Part of the customer due diligence process is finding out whether a customer or his beneficial owners, UBO or representative appears on a sanctions list or is designated as a person holding a prominent political office (PEP). You should also check whether any negative publicity is known about the person (adverse media check). This can be done manually by grabbing the sanctions lists yourself, asking the client directly whether he is a PEP and using online search engines to search for negative publicity. However, it can also be done by purchasing an automated ‘name screening’ tool that screens your clients against sanction and PEP lists, possibly supplemented by other lists. There are even tools on the market that additionally screen for country risk, sector risk and entity risk.
Unreliable and expensive
In practice, carrying out automated screening is less reliable ánd more expensive than it seems at first glance. There are several reasons for this. To be able to rely on adequate client screening, more is needed than just setting up a screening system. Besides knowledge of relevant laws and regulations, it is important to identify which processes are relevant. In this respect, the availability and quality of data are crucial.
Below, we map out which trade-offs are important in the choices to set up and/or optimise customer screening.
1. Set your starting point against the legal obligation
Legally, the context (i.e. what type of customers you have, what countries you and your customers operate in, what type of products you offer, etc.) forms the basis on which you must establish the risks of money laundering and terrorist financing, and then take appropriate action.
The law does not prescribe in what way you must conduct screening, as long as the screening is done adequately. However, you do need to take fuzzy matching into account in your Sanction screening.
DNB has already indicated in 2016 that ‘fuzzy matching’ between 70% and 85% for Sanctions screening is the industry standard. (DNB Q&A Sanctions law for non-life insurers, August 2016). That is, not only matching may be done on 100% similarity of terms, but for example on 70%, 85% similarity. This is due to phonetic and/or administration errors in name, date of birth, etc., which puts institutions at risk of possible hits on client names, as well as incoming and outgoing transactions not being investigated. DNB considers using a 100% match a bad practice. In general, we see that a matching percentage of 85% is used in automated tooling, but we also see that institutions often only assess a 100% match. However, DNB may require that if you only assess 100% matches, you make this explicit in the risk appetite.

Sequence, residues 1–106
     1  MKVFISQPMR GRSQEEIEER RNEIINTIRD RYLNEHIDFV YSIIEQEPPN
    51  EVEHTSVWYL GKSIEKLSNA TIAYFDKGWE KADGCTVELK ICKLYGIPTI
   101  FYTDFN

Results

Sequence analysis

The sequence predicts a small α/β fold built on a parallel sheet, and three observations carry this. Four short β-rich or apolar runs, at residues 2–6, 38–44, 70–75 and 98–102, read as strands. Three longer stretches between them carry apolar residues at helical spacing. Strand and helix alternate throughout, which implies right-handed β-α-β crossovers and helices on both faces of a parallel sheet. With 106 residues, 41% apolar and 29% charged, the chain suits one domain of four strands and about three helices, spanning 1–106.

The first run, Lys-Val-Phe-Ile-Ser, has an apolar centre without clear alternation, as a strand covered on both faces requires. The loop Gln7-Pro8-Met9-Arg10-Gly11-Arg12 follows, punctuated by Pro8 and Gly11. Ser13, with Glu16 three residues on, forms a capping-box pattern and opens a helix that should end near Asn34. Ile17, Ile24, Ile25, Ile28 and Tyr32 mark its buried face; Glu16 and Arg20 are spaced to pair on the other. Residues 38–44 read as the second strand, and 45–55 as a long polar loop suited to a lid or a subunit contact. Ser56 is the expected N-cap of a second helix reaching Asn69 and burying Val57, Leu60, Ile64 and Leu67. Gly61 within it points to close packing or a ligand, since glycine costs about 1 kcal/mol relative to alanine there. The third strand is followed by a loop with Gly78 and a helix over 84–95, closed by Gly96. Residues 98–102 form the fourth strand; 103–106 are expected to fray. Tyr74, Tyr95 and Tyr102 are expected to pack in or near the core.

2. Manual or automated screening?
Map out in what way screening takes place in your company and what this means for the expected quality and for the efficiency of the screening process. Based on this, you can make the choice to want to adjust the process.
The pitfalls of manual screening
In manual screening, after identification and verification of the client and its UBO, a PEP statement is often requested from the client. After this, one manually checks EU and NL sanction lists and via online search engines for negative publicity. This is a time-consuming and error-prone process. Indeed, it is not always clear whether the information is adequate and what conclusions can actually be drawn on the basis of that information. Building in quality controls can support this approach. It can also lead to the choice of using automated tools.
Challenges for large institutions
Larger institutions often use automated tools. These may be linked to CRM systems and distributed across different processes. These tools support UBO screening, PEP check, adverse media check and screening against Sanctions lists. In practice, the variety of screening processes and systems combined with the lack of logical workflow management can lead to time-consuming handling of various false-positive alerts. And again, it is not always clear what conclusions can be drawn.